The lips under Villiers' micrometrically trimmed mustache thinned even more than was their wont, and he gave Frankel a glare beneath which the ops officer wilted. "I believe, Commander, that we can all identify the standing order in question without recourse to sensationalistic labels which the popular media have dredged up from cheap science fiction." Everyone tried to be as inconspicuous as possible, for Frankel had disturbed a particularly rampant bee in Villiers' bonnet. The real problem, of course, was that the "cheap science fiction" had been produced by a fellow TFN officer-not that Villiers would have willingly accorded Captain Marcus LeBlanc any such status. The maverick intelligence officer would have been anathema to Villiers even had he not used his spare time to write a novel almost as notable for its iconoclasm about the upper Fleet echelons as for its heterodoxy concerning potential alien threats. Still, LeBlanc's "Orglon Empire" had filled what seemed to be a widespread need after two generations of peace. Plausible menaces were hard to come by these days.
Santos came to Frankel's rescue by changing the subject. "You said 'maximum speed,' Sir. Did you mean that literally?"
"What, pray tell, might lead you to suspect I did not?" Villiers asked in a deceptively mild tone.
"But, Sir, if we run the drives flat out over that long a period, we're likely-
"I am quite aware of the implications, Commodore." Villiers' cold gaze swept over the staff before he resumed in fractionally less glacial tones. "If there is any truth to Captain Cheltwyn's report-and I cannot believe he would be guilty of hysterical exaggeration-the urgency of this matter cannot be overstated. Both time and firepower are of the essence, and the task force will proceed at maximum. See to it, Commodore." Without another word, he turned away from the array of eyes with their varying degrees of resentment and gave his attention to the tactical display.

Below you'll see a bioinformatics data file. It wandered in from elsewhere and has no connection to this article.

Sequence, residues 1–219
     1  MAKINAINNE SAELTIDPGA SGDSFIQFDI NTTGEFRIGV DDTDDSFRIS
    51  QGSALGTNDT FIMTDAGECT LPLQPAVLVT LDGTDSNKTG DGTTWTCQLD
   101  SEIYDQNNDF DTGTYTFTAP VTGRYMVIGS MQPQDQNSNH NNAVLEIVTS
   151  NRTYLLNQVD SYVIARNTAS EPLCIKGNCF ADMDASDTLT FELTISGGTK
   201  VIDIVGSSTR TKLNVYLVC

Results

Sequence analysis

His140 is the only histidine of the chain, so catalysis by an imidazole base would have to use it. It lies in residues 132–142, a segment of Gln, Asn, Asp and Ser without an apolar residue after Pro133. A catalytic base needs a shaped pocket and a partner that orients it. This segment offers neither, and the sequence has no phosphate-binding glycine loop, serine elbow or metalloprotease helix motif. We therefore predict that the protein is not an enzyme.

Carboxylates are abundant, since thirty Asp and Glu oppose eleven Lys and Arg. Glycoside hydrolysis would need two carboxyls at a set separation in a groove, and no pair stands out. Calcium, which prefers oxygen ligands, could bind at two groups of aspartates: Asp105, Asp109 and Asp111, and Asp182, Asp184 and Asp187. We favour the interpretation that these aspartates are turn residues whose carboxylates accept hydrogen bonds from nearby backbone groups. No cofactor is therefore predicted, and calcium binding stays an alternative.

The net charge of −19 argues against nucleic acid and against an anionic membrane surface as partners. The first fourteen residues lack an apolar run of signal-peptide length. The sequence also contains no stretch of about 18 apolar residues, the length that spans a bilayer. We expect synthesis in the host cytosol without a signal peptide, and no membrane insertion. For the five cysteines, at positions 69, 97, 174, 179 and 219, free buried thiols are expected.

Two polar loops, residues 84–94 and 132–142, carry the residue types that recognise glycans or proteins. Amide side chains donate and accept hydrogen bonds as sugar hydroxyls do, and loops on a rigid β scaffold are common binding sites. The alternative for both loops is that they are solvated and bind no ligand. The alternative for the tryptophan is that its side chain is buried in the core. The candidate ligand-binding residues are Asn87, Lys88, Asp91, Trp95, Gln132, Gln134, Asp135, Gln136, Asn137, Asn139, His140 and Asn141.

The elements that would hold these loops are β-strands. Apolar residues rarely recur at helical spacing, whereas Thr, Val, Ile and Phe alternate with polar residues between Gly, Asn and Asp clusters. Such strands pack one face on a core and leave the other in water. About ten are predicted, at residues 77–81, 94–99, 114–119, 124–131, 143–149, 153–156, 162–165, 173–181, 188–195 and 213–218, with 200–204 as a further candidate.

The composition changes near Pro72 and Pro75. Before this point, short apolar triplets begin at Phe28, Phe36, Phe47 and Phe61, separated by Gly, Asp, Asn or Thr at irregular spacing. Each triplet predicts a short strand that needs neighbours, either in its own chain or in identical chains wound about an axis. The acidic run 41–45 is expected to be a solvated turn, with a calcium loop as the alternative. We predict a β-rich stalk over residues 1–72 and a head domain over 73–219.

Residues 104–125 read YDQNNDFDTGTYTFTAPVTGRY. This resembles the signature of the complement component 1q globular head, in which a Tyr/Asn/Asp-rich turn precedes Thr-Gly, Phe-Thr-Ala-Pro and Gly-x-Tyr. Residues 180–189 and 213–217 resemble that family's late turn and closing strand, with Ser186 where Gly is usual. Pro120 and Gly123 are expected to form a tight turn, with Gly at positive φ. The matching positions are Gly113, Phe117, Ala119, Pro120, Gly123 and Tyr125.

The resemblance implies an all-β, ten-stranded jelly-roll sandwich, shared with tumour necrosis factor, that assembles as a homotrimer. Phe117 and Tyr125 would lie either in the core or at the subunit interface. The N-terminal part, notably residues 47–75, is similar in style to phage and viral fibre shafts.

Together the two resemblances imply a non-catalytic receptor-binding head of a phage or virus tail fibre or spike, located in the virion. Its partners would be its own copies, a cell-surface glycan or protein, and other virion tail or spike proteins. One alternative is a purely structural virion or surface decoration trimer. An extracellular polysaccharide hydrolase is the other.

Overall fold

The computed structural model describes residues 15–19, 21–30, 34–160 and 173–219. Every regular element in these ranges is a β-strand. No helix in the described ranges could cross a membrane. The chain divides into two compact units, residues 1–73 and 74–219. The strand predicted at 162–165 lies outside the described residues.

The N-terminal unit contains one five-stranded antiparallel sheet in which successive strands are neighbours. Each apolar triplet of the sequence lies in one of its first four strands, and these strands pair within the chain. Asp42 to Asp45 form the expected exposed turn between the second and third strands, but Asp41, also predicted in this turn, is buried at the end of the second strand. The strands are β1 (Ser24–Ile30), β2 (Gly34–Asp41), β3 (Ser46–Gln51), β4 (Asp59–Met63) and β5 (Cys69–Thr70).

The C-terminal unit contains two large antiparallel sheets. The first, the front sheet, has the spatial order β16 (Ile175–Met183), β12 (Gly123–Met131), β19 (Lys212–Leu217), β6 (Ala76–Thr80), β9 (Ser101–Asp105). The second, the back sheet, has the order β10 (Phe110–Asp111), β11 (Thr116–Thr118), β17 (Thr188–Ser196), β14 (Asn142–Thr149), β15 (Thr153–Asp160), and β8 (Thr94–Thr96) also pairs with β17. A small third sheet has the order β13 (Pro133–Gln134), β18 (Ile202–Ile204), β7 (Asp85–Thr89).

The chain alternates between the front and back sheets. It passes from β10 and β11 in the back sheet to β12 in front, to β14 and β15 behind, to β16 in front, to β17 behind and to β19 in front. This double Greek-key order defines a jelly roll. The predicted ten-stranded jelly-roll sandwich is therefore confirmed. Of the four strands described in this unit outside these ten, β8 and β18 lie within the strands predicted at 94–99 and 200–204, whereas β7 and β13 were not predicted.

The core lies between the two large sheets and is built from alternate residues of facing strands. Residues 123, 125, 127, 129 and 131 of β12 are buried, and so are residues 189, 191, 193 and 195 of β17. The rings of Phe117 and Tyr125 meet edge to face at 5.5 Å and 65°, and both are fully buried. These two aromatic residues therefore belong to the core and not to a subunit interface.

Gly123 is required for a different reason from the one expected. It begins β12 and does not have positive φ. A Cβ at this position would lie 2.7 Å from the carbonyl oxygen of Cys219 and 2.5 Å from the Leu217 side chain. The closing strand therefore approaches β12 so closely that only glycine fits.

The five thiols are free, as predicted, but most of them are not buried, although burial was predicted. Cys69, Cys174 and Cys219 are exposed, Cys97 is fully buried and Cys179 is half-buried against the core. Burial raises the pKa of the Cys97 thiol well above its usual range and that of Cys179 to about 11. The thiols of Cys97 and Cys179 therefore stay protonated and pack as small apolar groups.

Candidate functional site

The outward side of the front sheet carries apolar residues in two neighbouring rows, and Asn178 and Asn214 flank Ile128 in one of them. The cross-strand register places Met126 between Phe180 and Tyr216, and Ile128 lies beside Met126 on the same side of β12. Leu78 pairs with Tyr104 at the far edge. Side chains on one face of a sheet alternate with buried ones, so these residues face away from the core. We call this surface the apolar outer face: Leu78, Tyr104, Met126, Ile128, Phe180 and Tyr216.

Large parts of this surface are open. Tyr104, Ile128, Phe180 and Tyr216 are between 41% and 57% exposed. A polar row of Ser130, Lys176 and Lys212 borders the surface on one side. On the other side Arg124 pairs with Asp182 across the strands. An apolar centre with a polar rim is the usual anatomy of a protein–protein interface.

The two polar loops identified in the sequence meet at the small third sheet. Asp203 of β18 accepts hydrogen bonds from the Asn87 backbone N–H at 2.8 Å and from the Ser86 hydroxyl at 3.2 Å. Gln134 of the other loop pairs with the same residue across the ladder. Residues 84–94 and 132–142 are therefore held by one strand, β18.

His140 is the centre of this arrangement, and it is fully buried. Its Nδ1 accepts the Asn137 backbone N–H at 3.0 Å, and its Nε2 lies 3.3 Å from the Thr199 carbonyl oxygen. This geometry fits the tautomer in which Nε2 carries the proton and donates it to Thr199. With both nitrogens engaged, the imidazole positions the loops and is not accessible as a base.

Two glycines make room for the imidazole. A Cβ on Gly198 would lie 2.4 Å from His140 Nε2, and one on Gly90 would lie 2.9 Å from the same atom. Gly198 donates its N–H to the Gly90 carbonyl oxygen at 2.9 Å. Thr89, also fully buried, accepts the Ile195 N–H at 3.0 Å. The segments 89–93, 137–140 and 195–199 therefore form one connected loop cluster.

Presently the little colored dots that represented three battleships, seven battle-cruisers, four light carriers, three heavy cruisers, two light cruisers and three destroyers began to curve around into courses that would take them to the warp point leading to Erebor and thence to Golan. He stole a glance at the view screen, where the stars were precessing as TFNS Rattlesnake altered heading.